else S2
 never more than the running time of the test plus the larger
of the running times of S1 and S2.
if (n > 0)
for ( int i = 0; i < n; i++ )
sum += i;
else
System.out.println( "Invalid input" );
15
Strategies
 Analyze from the inside out (loops).
 If there are method calls, analyze these first.
 Recursive methods (later):
Could be just a hidden “for” loop  simple.
Solve a recurrence  more complex.
16
Worst- / Average- / Best-Case
 Worst-case running time of an algorithm:
 The longest running time for any input of size n
 An upper bound on the running time for any input
 guarantee that the algorithm will never take longer
 Example: Sort a set of numbers in increasing order; and
the input is in decreasing order
 The worst case can occur fairly often
 Example: searching a database for a particular piece of
information
 Best-case running time:
 sort a set of numbers in increasing order; and the input is
 Average-case running time:
 May be difficult to define what “average” means
17
Example
Given an array of integers, return true if
the array contains number 100, and false
otherwise.
Best case: ?
Worst case: ?
Average case: ?
Informal intro to O,  and .
18
Running Time of Algorithms
 Bounds are for algorithms, rather than programs.
Programs are just implementations of an algorithm.
Almost always the details of the program do not affect
the bounds.
 Bounds are for algorithms, rather than problems.
A problem can be solved with several algorithms, some
are more efficient than others.
19
Example: Insertion Sort
1) Initially p = 1
2) Let the first p elements be sorted.
3) Insert the (p+1)th element properly in the list so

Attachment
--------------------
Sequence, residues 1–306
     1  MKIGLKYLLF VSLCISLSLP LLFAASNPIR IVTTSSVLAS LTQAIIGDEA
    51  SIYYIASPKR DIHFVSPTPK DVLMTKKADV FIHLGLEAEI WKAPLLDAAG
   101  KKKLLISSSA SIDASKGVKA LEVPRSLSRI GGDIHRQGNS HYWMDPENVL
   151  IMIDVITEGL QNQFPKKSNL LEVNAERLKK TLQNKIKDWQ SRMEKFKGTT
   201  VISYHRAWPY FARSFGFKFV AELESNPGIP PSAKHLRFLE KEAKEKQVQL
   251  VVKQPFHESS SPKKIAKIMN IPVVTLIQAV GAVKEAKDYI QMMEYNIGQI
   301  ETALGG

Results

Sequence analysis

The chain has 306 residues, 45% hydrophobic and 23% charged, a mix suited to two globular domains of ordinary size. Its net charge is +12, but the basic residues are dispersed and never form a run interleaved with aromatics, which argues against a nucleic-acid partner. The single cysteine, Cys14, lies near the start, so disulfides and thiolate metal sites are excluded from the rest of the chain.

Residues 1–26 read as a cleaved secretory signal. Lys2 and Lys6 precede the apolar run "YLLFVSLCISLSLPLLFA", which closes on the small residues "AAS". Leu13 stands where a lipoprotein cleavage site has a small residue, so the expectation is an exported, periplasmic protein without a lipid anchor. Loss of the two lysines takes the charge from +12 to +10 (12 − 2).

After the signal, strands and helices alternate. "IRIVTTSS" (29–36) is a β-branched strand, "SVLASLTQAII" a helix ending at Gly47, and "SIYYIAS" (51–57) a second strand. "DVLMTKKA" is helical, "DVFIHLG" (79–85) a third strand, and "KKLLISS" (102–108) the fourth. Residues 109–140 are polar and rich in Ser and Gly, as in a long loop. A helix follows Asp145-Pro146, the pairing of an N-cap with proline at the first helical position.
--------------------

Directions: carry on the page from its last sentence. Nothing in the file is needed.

that now p+1 elements are sorted.
4) Increment p and go to step (3)
20
Insertion Sort: Example
21
Insertion Sort: Algorithm
Consists of N - 1 passes
 For pass p = 1 through N - 1, ensures that the
elements in positions 0 through p are in sorted order



elements in positions 0 through p - 1 are already sorted
move the element in position p left until its correct place is
found among the first p + 1 elements
22
Example 2
To sort the following numbers in increasing order:
34 8 64 51 32 21
p = 1; tmp = 8;
34 > tmp, so second element a is set to 34: {8, 34}…
We have reached the front of the list. Thus, 1st position a = tmp=8
After 1st pass: 8
34 64 51 32 21
(first 2 elements are sorted)
23
P = 2; tmp = 64;
34 < 64, so stop at 3rd position and set 3rd position = 64
After 2nd pass: 8 34 64 51 32 21
(first 3 elements are sorted)
P = 3; tmp = 51;
51 < 64, so we have 8 34 64 64 32 21,
34 < 51, so stop at 2nd position, set 3rd position = tmp,
After 3rd pass: 8 34 51 64 32 21
(first 4 elements are sorted)
P = 4; tmp = 32,
32 < 64, so 8 34 51 64 64 21,
32 < 51, so 8 34 51 51 64 21,
next 32 < 34, so 8 34 34, 51 64 21,
next 32 > 8, so stop at 1st position and set 2nd position = 32,
After 4th pass: 8 32 34 51 64 21
P = 5; tmp = 21, . . .
After 5th pass: 8 21 32 34 51
24
64
Analysis: Worst-case Running Time
 What is the worst input?
 Consider a reversed sorted list as input.
 When a[p] is inserted into the sorted sub-array a[0...p-1],
we need to compare a[p] with all elements in a[0...p-1]
and move each element one position to the right
 i steps.
 Inner loop is executed p times, for each p = 1, 2, , ..., N-1
 Overall: 1 + 2 + 3 + . . . + N-1 = … = O(N2)
25
Analysis: Best-case Running Time
 The input is already sorted in the right order.
 When inserting a[p] into the sorted sub-array a[0...p-1],
only need to compare a[p] with a[p-1] and there is no
data movement
 O(1)
 For each iteration of the outer for-loop, the inner for-loop
terminates after checking the loop condition once
 O(N) time
 If input is nearly sorted, insertion sort runs fast.
26
Insertion Sort: Summary
 O(N2)
 (N)
 Space requirement is O(?)
27
Next time …
 Growth rates
 O, , , o